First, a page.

Pine Nuts: Mount Rose, Mark Twain and Kenny Guinn School
November 15, 2017
Mount Rose. She loves winter. She makes her own weather, and she is ever so treacherous, yet people navigate her dangerous curves like she is the 24 Hour Le Mans. This is not to mention the fact that she is host to the highest summit in America that we attempt to keep open all winter long.
That being said, I had a nice invitation to visit Kenny Guinn School in Las Vegas next month as Mark Twain. Kenny Guinn was one of my favorite persons, and fourth grade is one of my favorite grades to visit, but our start time was 9 a.m., which would have put Mark Twain and me up on Mount Rose in the dark in December.
Add to that, Mark Twain died at age 74, well, some say he died, but as you know, the reports of his death have been greatly exaggerated. Nevertheless, I turned 74 not long ago, so do you think I want to be up on Mount Rose as Mark Twain in the dark in December? No — a thousand times no.
Allow me to chronicle here an incident that implanted a fear of Mount Rose in my bosom that resides there today.
I was on my way to an engagement in Reno, in the white suit, heading down Mount Rose Highway when a Dodge Ram passed me, nearly causing me to jump out of my skin. I mumbled to myself, "I hope you know what you're doing you ding-dong!"
I cleaned that quote up for our younger readers of this fine, family journal. In full disclosure, I spent some time in the Marine Corps so my language can be somewhat colorful at times. Well, he didn't know what he was doing, as moments later I discovered him upside down on the left side of the road. Of course I jumped out and ran to help.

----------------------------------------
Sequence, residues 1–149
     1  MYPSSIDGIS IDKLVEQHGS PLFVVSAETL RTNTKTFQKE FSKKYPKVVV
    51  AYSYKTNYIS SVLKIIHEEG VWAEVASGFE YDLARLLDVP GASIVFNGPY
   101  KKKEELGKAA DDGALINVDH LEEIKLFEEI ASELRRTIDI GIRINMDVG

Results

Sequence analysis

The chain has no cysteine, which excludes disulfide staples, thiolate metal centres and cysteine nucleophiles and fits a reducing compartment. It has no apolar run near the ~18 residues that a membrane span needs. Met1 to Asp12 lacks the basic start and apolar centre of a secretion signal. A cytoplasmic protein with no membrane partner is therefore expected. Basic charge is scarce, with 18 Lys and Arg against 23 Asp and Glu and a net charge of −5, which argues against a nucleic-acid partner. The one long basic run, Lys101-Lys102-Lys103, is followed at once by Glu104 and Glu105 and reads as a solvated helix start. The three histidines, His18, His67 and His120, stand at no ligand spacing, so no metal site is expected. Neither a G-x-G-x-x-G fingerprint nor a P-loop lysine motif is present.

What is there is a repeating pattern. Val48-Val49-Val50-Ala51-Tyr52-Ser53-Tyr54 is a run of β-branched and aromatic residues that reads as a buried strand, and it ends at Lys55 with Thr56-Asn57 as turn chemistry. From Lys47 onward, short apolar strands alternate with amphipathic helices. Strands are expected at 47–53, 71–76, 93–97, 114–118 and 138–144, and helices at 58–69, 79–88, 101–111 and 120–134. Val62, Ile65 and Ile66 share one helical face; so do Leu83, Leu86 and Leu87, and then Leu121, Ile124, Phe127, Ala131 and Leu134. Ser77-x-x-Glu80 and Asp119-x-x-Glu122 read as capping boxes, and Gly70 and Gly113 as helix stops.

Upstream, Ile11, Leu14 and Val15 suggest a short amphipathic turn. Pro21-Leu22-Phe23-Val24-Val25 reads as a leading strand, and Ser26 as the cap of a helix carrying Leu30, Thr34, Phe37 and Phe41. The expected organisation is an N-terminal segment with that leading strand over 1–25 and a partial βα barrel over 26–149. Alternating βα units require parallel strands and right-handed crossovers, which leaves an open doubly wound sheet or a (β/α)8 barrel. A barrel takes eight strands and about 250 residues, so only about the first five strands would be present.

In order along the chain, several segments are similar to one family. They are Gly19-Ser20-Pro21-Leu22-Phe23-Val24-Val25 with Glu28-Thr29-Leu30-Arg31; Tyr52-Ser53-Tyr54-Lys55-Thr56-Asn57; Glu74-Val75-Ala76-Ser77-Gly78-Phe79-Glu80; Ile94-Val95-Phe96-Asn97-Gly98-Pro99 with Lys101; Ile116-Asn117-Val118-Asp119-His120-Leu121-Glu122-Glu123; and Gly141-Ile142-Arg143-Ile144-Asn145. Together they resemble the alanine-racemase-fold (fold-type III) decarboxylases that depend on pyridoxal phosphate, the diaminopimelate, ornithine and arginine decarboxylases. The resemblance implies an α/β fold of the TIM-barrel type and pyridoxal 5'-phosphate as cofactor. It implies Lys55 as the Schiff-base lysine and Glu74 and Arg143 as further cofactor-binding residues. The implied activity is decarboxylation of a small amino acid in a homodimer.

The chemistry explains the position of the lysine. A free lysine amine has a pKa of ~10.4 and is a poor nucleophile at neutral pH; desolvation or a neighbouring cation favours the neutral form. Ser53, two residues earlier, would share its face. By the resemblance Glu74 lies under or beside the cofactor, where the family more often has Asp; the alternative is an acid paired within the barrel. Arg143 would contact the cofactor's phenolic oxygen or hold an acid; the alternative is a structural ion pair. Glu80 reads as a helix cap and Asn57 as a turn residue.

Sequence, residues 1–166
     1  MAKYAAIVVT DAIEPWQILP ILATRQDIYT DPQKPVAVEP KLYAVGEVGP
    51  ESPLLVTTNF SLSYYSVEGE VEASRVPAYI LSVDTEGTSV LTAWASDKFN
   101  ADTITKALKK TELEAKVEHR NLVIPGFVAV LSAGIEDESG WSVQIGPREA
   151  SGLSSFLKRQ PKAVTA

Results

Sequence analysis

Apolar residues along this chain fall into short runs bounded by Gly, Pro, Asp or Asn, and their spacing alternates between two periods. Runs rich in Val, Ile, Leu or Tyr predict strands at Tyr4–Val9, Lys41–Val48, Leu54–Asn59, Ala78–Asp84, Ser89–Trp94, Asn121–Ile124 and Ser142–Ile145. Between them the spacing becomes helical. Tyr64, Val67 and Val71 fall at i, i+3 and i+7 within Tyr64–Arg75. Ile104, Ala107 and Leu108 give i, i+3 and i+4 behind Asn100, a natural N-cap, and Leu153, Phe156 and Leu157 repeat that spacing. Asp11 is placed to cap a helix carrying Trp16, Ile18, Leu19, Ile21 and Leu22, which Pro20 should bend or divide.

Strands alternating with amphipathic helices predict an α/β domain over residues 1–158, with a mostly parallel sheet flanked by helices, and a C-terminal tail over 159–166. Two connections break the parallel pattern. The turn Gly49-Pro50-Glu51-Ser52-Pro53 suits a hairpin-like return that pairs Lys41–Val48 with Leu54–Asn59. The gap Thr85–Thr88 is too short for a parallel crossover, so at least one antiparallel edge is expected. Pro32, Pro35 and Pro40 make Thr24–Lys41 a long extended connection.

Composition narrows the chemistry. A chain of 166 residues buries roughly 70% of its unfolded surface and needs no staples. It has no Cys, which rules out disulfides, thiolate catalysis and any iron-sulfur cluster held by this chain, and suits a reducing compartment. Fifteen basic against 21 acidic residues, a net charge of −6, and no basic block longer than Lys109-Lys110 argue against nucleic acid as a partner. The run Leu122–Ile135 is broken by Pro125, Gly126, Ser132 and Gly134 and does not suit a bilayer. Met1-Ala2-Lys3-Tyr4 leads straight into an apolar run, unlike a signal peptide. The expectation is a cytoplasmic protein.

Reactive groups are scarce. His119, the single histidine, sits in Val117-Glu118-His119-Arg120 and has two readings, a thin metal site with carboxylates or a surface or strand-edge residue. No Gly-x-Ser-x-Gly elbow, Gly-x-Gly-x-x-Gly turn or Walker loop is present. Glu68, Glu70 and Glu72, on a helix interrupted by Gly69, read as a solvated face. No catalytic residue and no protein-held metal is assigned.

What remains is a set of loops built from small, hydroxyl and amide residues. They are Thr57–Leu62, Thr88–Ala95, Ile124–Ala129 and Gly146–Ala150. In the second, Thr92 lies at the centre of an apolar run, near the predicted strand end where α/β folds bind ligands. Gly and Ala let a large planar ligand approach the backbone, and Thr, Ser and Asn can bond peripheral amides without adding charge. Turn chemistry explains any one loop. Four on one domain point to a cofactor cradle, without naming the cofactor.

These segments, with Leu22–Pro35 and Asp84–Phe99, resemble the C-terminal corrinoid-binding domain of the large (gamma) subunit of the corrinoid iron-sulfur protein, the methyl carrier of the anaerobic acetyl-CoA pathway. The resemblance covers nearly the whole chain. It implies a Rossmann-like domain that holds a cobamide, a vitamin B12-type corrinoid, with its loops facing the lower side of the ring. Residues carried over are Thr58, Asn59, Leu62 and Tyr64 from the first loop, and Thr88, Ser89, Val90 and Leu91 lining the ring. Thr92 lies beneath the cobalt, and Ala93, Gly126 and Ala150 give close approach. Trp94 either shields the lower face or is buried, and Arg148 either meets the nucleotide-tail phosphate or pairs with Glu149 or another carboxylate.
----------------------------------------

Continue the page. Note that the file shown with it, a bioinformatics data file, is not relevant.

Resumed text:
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"Are you alright?"
"Yeah, yeah, I'm OK," he shouted as he rolled down (up) his window.
A good friend and neighbor happened to be driving right behind me and helped to extricate the Dodge Ram driver from his truck, and as divine providence would have it he was fine.
The next afternoon, I ran into my good friend and neighbor at the post office and he shared with me what that lucky Dodge Ram driver told him after I had left the scene.
"I was thinking about my sick grandfather and how I should have spent the day with him instead of racing to work as usual when I flipped over and blacked-out. When I opened my eyes I saw Mark Twain and thought sure I had died and gone the wrong way," he said.
Well, he didn't die and go the wrong way, and even if he had, I doubt he would have run into Mark Twain. But one thing he can be sure about, should he happen to be reading this account of our brief encounter, he will not find Mark Twain up on Mount Rose in the dark this December.
Learn more about McAvoy Layne at http://www.ghostoftwain.com
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